Five Ideas for High School Co-op Classes
Last year, my oldest homeschooler entered the high school years. This was a little bit of a daunting milestone, as keeping a transcript and tracking credits felt like the kind of unchartered territory that was going to send me running for the safety net of the high school registrar’s office. Thankfully, I’ve been blessed with an amazing group of co-op moms who helped me through, coming up with these five ideas for high school co-op classes.
Keeping a class blog is like the electronic version of the school newspaper. In addition to learning the art of interviewing, reporting, and story writing, your students will learn everything about publishing a blog, from editing posts, to uploading images, to formatting page layouts. There are a few blog platforms that will let you publish a multi-user blog for free, you just have to search through the choices out there to find which one works best for your class needs.
Cat vs. Dog
This was just the fun name we came up with for our co-op debate class. Cat vs. Dog was the first topic assigned, in an effort to ease into the process with lighthearted subject matter. You can start slowly, as we did, or jump right into the bigger issues. Topics and teams were assigned a week in advance, to give students time to form a solid argument, complete with written essays and cited sources of facts to back up their arguments.
Young Adulting 101
From balancing a checking account ledger to finding affordable housing, this class gave the kids a preview of the cost of living on one’s own. To start this class, each student should pick a profession they think they would like to have. Then, look up the starting salary for that job in your area. Have them figure out gross pay vs. net pay, and create a budget based on the monthly net amount. Don’t forget to deduct student loan fees if their jobs required a college degree. Once they have their budget set, have them look through local ads for housing and a car they can afford. Calculate other expenses like food, furnishings, laundry and entertainment. Each week, throw in a “budget breaker,” like a car repair or an unpaid leave from work. Give them the option to apply for credit cards and by the end of the semester, see who comes out ahead, and who is struggling with debt.
World Geography and Culture
What is the proper way to serve tea in Japan? What kind of handicrafts can be found in Ukraine? What is Fado music, and why is it so revered in Portugal? In this class, students chose a different country to “visit” each week, and then research things, such as how the geography and climate impacts things like jobs and economy, but also how the customs of each country originated and evolved. Upon completing their research, students would discuss their findings, cook one of the traditional foods, learn something such as how to speak some phrases from the language, or how to do the basic steps to a folk dance, create a piece of art based on local artistry, and write something reflective of the customs of the country (a Japanese haiku, an Irish blessing, lyrics to a Fado song, etc.).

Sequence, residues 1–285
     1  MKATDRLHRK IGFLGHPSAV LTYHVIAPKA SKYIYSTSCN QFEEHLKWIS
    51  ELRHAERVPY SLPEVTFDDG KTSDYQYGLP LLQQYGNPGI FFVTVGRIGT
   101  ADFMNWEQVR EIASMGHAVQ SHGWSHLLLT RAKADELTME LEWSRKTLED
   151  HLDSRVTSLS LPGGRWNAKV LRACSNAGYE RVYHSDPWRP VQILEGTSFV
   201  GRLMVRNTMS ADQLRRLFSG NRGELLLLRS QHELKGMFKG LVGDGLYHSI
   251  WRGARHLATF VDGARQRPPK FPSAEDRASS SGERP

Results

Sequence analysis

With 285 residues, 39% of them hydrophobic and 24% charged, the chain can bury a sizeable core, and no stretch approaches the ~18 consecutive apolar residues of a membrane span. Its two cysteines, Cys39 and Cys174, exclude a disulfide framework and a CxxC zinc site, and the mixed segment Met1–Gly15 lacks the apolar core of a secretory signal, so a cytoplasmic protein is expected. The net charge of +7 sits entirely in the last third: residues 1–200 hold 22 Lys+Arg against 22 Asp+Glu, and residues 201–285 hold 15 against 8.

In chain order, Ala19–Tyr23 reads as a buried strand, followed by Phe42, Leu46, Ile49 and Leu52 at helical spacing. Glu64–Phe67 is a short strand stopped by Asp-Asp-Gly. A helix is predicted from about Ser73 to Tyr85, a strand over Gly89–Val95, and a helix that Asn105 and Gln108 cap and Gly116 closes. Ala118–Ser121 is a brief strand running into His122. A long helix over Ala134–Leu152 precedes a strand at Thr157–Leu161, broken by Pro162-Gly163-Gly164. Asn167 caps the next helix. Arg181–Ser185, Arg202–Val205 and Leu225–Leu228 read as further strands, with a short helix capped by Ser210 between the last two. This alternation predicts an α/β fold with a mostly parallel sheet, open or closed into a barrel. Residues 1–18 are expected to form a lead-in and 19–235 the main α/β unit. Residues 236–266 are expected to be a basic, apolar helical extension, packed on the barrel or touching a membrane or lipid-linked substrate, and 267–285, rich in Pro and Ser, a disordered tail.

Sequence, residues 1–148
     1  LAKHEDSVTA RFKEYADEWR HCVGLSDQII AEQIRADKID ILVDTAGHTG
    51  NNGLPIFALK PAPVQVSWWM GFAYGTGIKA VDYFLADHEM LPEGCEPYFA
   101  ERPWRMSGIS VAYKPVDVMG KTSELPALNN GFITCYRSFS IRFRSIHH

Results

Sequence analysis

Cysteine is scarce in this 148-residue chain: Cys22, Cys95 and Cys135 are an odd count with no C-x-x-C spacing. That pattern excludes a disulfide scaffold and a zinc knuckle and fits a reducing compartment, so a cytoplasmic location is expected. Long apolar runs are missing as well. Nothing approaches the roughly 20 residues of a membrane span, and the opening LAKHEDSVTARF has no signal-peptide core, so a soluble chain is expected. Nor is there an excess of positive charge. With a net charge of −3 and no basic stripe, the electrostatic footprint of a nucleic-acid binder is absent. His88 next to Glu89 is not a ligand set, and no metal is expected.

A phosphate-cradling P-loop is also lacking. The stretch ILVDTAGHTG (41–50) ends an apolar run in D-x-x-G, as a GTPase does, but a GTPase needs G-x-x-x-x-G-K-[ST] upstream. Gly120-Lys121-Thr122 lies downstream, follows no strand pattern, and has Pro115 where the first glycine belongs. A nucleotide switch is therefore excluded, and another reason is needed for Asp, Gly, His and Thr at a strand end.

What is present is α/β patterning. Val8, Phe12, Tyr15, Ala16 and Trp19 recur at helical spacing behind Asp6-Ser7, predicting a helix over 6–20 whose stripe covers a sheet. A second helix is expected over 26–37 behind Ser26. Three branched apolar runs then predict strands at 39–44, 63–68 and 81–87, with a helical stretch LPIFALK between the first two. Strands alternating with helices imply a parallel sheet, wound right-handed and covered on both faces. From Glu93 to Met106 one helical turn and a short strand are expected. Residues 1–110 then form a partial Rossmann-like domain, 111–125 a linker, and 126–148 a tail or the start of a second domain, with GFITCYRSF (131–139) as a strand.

High School Show and Tell
Since our state requires speech as a high school graduation requirement, we held a weekly show and tell period where they would bring in something that they could demonstrate and talk about for at least five minutes. Most weeks we assigned a theme or topic, along with a list of talking points they could use to help them along, but some of the best results came from the weeks we designated as free to choose anything they wanted. This class was so simple in theory, but produced some very interesting and engaging sessions, all while helping the students gain more confidence in speaking to a crowd.
Of course, these ideas can all be adapted to suit the needs of your particular co-op group. Most of them can even be modified for younger students, or used at home with an individual or small group. No matter how you choose to use them, these classes were all designed to keep co-op fun and interesting for teens, while adding some extra academics for parents to check off their lists.
Christine Gauvreau is a wife, a mother and a writer who is ever grateful to God for calling her to homeschool. In addition to teaching her own children at home, she teaches creative writing to other homeschoolers in a co-op setting, as well as through lessons she designed for SchoolhouseTeachers.com. Christine shares some of her creative ideas, along with stories about her family’s homeschooling journey at Rubytree Academy (rubytreeacademy.com).